by Norwegian Chef
Sat Sep 22nd, 2007 at 05:03:04 AM EST
Over at DKos, there are weekly garden blogs, food blogs, film blogs, WYFP blogs and our Bird Blog usually authored by Lineatus. I thought it may be of some interest to you guys over here. So as I am doing it this week, I thought I would cross-post.
I am sitting in for Lineatus today who is out banding raptors. Lineatus asked me to write a diary about our Bird Explorers Project. This is a conservation and environmental education project created by my partner, Polish Chef, and I to promote birds and wildlife generally through digital photography with a particular focus on endangered species and species in very remote areas. Allow me to start at the beginning.
Critically Endangered Black Stilt, South Island, New Zealand
My interest in birdwatching started when I was very young at the hands of my Great Aunt Avis May Herrick of Mayfield, Fulton Co., New York up in the old Adirondacks where my mother's family had their roots. Aunt May was the sister of my maternal grandfather. Being a most precocious and mischievous kid by nature, I quickly became her favourite, and she imparted to me the many secrets of nature and the birds she loved with all her heart as we traveled across the US and Canada in pursuit of birds of all shapes and sizes. I still have her original list first started in 1910 and almost daily updated. Her list ended with 436 total species. You can find some cool Aunt May Birding Stories on our website.
Largely through the influence of Aunt May and other family members who nurtured my interest in wildlife and science, I grew up determined from a young age to be a wildlife and environmental advocate, and never strayed from this path. I got my degrees in science and environmental law. Throughout my teenage years, I was able to compile a large life list of birds seem. This is due to the fact that my father was a Norwegian diplomat and educator, and I was able to accompany him on many international trips.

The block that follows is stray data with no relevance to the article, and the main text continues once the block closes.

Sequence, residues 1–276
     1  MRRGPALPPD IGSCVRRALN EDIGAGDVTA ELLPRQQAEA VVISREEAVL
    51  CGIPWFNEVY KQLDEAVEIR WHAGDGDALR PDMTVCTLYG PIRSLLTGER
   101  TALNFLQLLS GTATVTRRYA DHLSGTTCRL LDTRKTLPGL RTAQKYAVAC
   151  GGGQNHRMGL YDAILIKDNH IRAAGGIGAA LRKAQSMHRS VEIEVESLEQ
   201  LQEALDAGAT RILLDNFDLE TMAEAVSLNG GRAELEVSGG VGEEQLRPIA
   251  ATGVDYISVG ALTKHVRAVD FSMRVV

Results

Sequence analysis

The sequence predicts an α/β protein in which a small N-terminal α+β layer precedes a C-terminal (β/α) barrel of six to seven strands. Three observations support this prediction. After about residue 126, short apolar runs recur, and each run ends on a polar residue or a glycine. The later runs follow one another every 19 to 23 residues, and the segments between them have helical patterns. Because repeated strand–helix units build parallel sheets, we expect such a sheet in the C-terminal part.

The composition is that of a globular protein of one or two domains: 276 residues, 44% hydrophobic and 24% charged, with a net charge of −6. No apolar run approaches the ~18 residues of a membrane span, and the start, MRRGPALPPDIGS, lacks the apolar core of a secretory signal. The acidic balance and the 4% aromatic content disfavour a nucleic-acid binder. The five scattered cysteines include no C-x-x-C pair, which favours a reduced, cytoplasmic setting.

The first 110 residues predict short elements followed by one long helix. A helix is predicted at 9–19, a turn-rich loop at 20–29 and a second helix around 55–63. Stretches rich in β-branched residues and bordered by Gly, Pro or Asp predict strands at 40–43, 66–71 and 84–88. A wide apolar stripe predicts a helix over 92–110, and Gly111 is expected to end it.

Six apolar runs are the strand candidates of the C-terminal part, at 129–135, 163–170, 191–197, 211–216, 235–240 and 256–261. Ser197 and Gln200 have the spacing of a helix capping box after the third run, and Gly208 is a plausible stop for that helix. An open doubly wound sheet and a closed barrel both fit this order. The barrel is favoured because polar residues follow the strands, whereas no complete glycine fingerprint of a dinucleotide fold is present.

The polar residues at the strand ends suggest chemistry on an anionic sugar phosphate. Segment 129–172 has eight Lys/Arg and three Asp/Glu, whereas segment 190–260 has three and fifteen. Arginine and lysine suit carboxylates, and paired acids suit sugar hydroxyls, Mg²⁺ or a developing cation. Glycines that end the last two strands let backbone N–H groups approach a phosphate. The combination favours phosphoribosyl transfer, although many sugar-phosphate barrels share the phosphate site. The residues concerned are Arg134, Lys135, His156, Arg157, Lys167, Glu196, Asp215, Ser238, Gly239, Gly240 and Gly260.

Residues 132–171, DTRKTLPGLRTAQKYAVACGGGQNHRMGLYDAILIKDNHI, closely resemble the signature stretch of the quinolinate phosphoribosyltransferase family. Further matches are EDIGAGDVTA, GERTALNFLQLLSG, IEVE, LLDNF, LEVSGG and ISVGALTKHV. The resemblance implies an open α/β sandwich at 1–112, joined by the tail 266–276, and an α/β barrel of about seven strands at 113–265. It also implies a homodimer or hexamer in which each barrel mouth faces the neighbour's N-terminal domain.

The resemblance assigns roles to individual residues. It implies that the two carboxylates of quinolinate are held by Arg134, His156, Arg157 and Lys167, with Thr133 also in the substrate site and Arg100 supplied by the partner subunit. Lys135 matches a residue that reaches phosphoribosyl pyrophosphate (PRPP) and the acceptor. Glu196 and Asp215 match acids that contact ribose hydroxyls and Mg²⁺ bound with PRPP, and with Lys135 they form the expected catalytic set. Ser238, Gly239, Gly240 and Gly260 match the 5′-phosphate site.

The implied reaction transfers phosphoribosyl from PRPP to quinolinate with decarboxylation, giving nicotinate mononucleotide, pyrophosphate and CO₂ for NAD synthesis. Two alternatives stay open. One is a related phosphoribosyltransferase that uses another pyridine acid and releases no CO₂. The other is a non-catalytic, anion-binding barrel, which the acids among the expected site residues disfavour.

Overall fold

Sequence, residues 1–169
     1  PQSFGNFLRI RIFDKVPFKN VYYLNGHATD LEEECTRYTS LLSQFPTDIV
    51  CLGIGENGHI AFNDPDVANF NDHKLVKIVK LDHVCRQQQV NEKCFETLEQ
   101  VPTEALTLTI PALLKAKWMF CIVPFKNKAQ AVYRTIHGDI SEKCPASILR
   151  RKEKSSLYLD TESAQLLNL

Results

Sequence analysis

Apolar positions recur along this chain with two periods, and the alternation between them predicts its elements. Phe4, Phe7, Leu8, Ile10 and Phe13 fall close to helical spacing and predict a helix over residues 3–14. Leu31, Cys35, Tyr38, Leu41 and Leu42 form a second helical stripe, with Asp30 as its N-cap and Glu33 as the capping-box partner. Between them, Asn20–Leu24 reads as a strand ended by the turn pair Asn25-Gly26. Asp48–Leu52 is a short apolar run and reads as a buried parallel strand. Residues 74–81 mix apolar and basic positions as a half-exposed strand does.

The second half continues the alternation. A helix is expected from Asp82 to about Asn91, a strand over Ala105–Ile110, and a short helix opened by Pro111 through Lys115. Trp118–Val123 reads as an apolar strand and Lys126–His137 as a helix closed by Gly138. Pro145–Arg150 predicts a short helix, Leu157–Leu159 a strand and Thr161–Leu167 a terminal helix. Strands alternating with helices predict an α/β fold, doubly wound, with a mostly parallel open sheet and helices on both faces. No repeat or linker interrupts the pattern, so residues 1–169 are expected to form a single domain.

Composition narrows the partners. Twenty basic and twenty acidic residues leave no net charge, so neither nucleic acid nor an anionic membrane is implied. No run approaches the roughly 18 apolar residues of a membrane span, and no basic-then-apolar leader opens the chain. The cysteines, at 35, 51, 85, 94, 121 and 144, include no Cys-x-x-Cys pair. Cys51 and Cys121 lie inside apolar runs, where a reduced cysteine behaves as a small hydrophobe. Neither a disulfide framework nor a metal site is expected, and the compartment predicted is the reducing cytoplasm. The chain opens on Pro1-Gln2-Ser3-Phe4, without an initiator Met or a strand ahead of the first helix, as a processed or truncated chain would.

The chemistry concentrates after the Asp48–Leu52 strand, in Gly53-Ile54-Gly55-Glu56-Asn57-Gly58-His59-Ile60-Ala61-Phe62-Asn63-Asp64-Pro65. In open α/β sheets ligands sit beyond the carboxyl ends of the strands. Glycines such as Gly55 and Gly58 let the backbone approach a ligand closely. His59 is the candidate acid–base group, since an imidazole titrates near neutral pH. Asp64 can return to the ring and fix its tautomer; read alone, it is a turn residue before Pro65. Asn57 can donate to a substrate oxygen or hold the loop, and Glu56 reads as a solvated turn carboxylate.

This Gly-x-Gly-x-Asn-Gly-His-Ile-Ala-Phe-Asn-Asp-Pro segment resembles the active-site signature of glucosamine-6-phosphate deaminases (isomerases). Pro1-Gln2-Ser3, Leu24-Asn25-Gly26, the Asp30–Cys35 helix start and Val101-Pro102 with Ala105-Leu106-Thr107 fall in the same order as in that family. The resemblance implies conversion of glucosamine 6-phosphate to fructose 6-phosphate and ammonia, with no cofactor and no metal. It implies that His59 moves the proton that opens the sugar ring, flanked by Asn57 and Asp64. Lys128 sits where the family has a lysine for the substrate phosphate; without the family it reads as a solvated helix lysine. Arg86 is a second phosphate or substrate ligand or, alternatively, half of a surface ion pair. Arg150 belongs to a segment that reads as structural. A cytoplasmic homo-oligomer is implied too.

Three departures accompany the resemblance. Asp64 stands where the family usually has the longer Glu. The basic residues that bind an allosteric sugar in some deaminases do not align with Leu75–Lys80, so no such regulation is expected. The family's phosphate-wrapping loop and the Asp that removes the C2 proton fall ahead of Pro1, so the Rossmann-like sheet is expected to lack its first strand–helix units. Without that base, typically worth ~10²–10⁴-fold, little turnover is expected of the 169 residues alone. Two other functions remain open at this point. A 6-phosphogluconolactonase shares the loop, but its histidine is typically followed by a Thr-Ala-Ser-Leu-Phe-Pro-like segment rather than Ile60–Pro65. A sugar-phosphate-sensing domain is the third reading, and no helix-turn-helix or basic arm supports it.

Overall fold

After I finished my education, I got a Fulbright Scholarship to Papua New Guinea (PNG) to work as a legal and scientific officer for the Ministry of Environment and Conservation. PNG is a veritable paradise of exquisite birdlife, and through the Ministry I was able to access many remote, largely undisturbed areas. Spending two years in PNG was a wondrous adventure in nearly every way anyone can imagine. After PNG, I ended up in Australia where, since 1994 I have been running an overseas and environmental agency, AFAP, working in Asia, Africa and the Pacific. In 1994 I also met my soul mate and life partner Polish Chef who likewise loved nature and wildlife.
Throughout much of this time, both Polish Chef and I had a good general interest in photography, but concentrated mostly on landscapes as the technology for bird photography was very large and unwieldy, and the whole process very expensive especially considering the cost of film.
However in the early 2000s, a few technical changes occurred to make bird photography far more technically easy and much more affordable. This of course involved the digital photography revolution combined with the invention of modern image stabilisers. CANON first invented the optical image stablisers, and as a result when Polish Chef and I first decided to invest in the technology in 2003, we bought a standard CANON outfit. Our first setup was a Canon EOS 10D Digital SLR Camera body with a Canon EF 100-400mm f/4.5-5.6 L IS USM Lens.
Our first trip was to New Caledonia the day after we bought the camera in search of the rare and endangered Kagu. As my Aunt May always said, Natures fortunes smile on those who protect Nature, and to our luck in the depths of the deep, darkling New Caledonian rainforest, we encountered what must have been the world's most cooperative Kagu.